The former Education Secretary Michael Gove raised some serious questions (and eyebrows) after he said that “people in this country have had enough of experts” telling them what to do. Despite Gove’s expressed dislike of experts, it turns out we do actually need them, particularly in helping people to understand difficult and complicated topics – just like the EU referendum.
The decision to leave the European Union went against the opinion expressed by the vast majority of “experts” – with most members of parliament, trade unions, industry and academia supporting the remain campaign. In the interest of balance, both “remain” and “leave” camps were represented in the media coverage of the referendum. But whether this was really the right decision, remains under question.
Fact checking and reliance on experts are core principles of good professional journalism. But there is another core principle in journalism, which is balance. A good journalist should provide a wide range of views and give voice to different positions on a contentious issue to allow people to have access to all the necessary information, enabling them to make up their own minds. So if two experts disagree on an issue, following the rule of balance, both positions should be equally represented in the news.
And yet, research on climate change shows the impact and damage giving a voice to a minority viewpoint can really do, and how it can result in “false balance”. While it might not seem that climate change, and the EU referendum have a whole lot in common, the fact of the matter is that both are complicated topics, which required people to make clear political choices, either in support of, or against, action. And in both cases, the vast majority of non experts gained their understanding of each subject through media commentary and analysis.
Much of the media coverage concerning the scientific debate on climate change revolves around whether or not the variations observed in climate were due to human activities, and were man-made. Just as in the EU referendum, the vast majority of scientists fall on one side of the debate – agreeing that climate change is the result of human activities – with only a small minority of scientists disagreeing with this position.
However, research has shown how in the US, a significant proportion of the media coverage on climate change offered a “balanced” view of man-made climate change – which, it could be said, led to a distortion of the existing consensus. In other words, by trying to represent all voices in the debate and trying to be fair, journalists ended up misrepresenting the reality and giving the impression that the consensus in the community is not as strong as it actually is.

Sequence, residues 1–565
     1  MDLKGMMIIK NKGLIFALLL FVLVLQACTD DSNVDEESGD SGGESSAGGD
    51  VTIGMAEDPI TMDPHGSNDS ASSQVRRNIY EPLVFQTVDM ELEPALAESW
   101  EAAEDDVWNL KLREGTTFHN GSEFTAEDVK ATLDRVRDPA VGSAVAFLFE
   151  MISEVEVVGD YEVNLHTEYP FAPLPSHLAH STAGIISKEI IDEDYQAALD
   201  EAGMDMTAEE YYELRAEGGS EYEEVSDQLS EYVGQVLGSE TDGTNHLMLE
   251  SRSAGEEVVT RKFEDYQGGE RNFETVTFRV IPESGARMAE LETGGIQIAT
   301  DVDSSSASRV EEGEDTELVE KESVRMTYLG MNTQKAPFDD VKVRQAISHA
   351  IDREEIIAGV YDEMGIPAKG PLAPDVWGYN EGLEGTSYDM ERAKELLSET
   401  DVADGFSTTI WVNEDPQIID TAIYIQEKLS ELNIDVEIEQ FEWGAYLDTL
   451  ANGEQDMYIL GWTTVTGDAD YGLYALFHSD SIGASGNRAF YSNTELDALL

Our research also shows how the coverage of climate change in the British press has been at times littered with religious metaphors. Scientists who argued for the need to act on climate change were called high priests, and environmentalists were likened to religious fundamentalists. Meanwhile, the negative consequences of climate change have been identified as the “apocalypse”. All of which undermines the scientific basis of climate change, and instead presents it as a religion, rather than an objective phenomenon. This leads to the feeling that people are free to “believe in it or not”.
This emotionally charged language also characterised the EU referendum campaign coverage, with Boris Johnson calling the Remain campaign “project fear” and the Remain campaigners accusing Leave of racism and scaremongering against immigrants.
The future of experts
As readers, we are bombarded by contrasting “expert” opinions all the time, and we don’t always have the tools to evaluate such evidence. The internet provides us with an arsenal of “studies” we can use to confirm our preexisting attitudes and beliefs, and it is easy for us completely to ignore evidence we do not agree with once we see science as a matter of belief rather than a process in pursuit of knowledge.
This is not to say that scientific knowledge represents the “truth”, but there are different “rules of engagement” in scientific and political arguments. While politics is about winning a debate or showing one is right, best practice in science strives for the opposite. We start from the assumption that we are wrong. We try to debunk our own theories and positions, and we embrace criticism.
In the current environment, scientists and academics are faced with a difficult choice: on the one hand, there is an increasing pressure, and a genuine desire from many, to put their knowledge at the service of wider society and engage with the media. On the other hand, there are fundamental tensions between political, media and scientific norms of communication.
As academics, it becomes important to be aware of such tensions when engaging in dialogue with journalists – a lot of whom would benefit from some basic training in the issues connected with the representation of science. This is because while scientists have an important contribution to the general debate on social and political issues, we are not here to necessarily propose solutions. Instead we aim to challenge the claims being made. This, of course, sometimes means challenging our own beliefs and learning to deal with doubt and uncertainty on a daily basis.
The media and politicians often require us to provide quick yes or no answers, which are often unrealistic. Instead, I believe scientists’ unique contribution could be to actually lead the way in reconstructing how issues are talked about and debated, and raise the key, uncomfortable questions that no one else will ask.